WASHINGTON – In a show of independence even from American liberators, two Iraqi diplomats raised the country's traditional Arab red, white and black flag Wednesday over their reopened embassy — rather than a new flag that the U.S. occupying authority had chosen.
There were broad smiles and applause from expatriate Iraqis as the country's incoming ambassador, Rend al-Rahim Francke, and Abdul-Latif Rashid, minister of irrigation and water resources, hoisted the flag under sunny skies only hours after the Iraqi authorities in Baghdad took legal custody of former President Saddam Hussein (search) and 11 of his top lieutenants.
Rather than the symbol of a new Iraq chosen by the U.S.-appointed Iraqi Governing Council (search), with a blue Islamic crescent on a white field, the flag sent fluttering in an early summer breeze is the same historic national flag that flew through the rule of Saddam until he was deposed last year in the U.S.-led war.
Stitched on the flag's white stripe in green is the Koranic verse "Allahu Akbar" (God is Great), which Saddam added after the 1991 Persian Gulf war that forced him to reverse Iraq's annexation of Kuwait.
Technically, full diplomatic relations between the United States and Iraq have not been restored, but that move is considered imminent once Rahim presents her credentials to President Bush.
Before the ceremony, President Bush offered a favorable progress report on Iraq and pledged anew that America is committed to finishing the job there despite a new wave of violence.
Bush threw his arm around former top U.S. occupation official, L. Paul Bremer III (search) — who returned to Washington this week after formally handing over power Monday — as the two men walked to the president's speech before about 150 Iraqi-Americans.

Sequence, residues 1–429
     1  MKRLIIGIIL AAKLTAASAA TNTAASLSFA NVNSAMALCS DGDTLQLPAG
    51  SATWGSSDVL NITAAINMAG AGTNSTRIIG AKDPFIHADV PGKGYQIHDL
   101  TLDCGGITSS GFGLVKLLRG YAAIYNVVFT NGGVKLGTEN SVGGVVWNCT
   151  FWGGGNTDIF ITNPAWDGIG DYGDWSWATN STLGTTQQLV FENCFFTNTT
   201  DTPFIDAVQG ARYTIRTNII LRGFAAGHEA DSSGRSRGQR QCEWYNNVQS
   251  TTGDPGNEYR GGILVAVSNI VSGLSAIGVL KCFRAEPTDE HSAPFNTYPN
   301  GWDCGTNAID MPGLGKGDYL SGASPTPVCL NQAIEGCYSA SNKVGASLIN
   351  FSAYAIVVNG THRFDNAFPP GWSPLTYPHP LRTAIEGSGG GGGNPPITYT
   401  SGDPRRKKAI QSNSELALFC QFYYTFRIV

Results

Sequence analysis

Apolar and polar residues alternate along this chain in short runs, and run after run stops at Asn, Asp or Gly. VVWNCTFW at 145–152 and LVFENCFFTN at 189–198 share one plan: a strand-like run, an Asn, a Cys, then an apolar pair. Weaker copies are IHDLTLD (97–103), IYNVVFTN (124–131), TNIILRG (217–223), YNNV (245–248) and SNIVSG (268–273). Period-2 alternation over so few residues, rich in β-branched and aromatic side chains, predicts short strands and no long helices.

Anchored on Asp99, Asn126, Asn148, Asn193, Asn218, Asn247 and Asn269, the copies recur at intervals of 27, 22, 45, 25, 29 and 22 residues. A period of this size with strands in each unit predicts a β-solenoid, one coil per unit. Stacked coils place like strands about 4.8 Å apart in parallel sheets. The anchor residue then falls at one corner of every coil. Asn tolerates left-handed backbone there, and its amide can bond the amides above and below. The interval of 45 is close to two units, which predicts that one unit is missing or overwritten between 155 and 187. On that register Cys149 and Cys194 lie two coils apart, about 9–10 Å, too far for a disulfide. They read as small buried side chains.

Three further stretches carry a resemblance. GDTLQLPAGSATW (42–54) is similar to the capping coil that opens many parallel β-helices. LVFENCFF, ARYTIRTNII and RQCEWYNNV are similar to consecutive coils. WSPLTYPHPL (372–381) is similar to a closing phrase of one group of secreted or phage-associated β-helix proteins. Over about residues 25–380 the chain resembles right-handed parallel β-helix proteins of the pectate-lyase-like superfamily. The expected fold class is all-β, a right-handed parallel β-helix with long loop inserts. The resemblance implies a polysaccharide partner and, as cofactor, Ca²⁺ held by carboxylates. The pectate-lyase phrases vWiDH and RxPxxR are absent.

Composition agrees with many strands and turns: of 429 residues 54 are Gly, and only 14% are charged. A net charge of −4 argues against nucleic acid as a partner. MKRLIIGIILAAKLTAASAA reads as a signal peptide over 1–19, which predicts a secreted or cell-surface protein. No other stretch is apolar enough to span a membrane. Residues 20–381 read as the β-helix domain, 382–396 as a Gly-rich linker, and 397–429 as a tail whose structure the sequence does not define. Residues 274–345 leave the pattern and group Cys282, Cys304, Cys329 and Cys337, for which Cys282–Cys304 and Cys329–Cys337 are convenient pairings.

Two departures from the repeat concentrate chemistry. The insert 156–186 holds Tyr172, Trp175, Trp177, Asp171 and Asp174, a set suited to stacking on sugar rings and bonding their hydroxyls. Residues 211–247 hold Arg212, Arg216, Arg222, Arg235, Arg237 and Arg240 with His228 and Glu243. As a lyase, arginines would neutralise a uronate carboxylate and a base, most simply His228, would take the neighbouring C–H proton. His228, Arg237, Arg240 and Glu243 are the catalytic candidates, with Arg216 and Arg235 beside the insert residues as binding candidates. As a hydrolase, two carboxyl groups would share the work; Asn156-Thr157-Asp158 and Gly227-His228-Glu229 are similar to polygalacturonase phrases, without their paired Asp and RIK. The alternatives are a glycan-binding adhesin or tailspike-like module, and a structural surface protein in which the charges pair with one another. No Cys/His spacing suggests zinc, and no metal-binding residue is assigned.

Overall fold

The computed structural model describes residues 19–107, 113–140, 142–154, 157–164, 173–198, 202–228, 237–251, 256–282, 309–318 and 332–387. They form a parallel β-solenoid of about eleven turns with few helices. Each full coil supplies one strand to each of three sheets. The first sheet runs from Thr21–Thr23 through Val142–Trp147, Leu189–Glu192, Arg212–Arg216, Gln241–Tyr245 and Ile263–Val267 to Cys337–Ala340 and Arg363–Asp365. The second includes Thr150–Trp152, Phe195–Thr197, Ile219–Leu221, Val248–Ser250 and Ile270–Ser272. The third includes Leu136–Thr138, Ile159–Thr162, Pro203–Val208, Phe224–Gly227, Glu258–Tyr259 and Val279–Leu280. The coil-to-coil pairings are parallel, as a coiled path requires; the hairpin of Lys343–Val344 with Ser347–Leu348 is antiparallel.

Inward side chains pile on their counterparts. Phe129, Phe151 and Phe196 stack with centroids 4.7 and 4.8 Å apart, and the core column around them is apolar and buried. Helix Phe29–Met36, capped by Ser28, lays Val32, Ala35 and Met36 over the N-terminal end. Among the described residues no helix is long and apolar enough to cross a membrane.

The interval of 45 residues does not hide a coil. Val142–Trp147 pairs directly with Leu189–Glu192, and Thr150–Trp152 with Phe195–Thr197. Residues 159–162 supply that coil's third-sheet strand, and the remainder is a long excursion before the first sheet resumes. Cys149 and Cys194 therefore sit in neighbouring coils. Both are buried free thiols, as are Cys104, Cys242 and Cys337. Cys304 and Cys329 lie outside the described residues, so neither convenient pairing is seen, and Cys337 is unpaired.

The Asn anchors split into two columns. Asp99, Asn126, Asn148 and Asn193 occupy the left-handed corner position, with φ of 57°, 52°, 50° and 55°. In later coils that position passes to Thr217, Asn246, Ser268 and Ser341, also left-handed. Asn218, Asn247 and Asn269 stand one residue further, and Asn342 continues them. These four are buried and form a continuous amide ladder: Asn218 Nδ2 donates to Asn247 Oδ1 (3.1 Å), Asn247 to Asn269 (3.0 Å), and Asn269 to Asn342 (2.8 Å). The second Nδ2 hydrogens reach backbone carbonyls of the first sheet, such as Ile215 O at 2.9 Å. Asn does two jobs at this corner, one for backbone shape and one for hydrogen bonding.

The president "talked about the progress that we have made in just 14 months in Iraq," White House spokesman Scott McClellan said. "He also firmly stated our commitment to help the Iraqi people complete the mission of a free and peaceful Iraq."
Reporters were barred from the event.
Bremer, in a round of television interviews, acknowledged that the interim new government of Iraq faces daunting obstacles in restoring security and tranquility. He said he thought that Prime Minister Iyad Illawi (search) is "a tough guy" who can do the job.
Bremer said he expects that Iraq ultimately "will certainly be a pluralistic society. It will not be an American-style democracy."
At the flag-raising ceremony, the joyful mood was vastly different from the tightlipped solemnity that the late Ambassador Nizar Hamdoon projected in the years before the United States broke relations with Iraq in 1990.
"It is a very happy day," said Raymond Jallow, an expatriate Iraqi economist who flew from his home in Los Angeles for the ceremony.
Dr. Samir Abdullah, one of 57 Iraqis who have completed a training course at the U.S. Institute of Peace and are headed to Baghdad to take jobs with the new government, said "all Iraqis are rejoicing because they have been returned their full sovereignty with the help of the United States."
Abdullah said he will work in Iraq as a military physician. Others will work in the ministries of defense, planning and justice.
Ali Qazwini, an expatriate working for a Muslim community center in Los Angeles, said, "I am very optimistic it is a turning point in our history."